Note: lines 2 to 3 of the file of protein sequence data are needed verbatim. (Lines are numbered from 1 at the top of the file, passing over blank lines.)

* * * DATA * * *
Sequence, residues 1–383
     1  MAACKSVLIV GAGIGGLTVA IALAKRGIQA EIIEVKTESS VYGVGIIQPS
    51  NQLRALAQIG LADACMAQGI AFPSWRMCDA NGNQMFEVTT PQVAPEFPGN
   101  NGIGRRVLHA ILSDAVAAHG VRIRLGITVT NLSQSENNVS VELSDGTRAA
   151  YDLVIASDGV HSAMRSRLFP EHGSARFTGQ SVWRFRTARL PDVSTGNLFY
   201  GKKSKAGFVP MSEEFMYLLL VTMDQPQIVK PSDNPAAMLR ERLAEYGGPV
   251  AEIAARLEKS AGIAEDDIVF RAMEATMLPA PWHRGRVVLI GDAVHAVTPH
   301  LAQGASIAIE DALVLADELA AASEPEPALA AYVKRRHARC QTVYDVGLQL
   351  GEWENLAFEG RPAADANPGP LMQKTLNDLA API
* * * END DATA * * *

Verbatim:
     1  MAACKSVLIV GAGIGGLTVA IALAKRGIQA EIIEVKTESS VYGVGIIQPS
    51  NQLRALAQIG LADACMAQGI AFPSWRMCDA NGNQMFEVTT PQVAPEFPGN